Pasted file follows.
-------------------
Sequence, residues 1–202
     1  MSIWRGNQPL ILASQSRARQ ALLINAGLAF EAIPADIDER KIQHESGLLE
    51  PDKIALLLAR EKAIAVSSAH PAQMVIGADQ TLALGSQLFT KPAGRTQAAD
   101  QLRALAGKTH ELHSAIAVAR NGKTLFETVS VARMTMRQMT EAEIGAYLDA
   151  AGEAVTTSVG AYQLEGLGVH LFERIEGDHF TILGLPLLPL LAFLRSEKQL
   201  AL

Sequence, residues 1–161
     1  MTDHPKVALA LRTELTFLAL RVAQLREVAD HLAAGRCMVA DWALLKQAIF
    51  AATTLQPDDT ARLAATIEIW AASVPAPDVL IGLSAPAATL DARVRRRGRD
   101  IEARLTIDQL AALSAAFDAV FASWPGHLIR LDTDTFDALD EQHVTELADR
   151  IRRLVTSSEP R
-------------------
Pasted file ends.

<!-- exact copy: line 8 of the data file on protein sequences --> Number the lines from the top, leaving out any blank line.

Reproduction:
     1  MTDHPKVALA LRTELTFLAL RVAQLREVAD HLAAGRCMVA DWALLKQAIF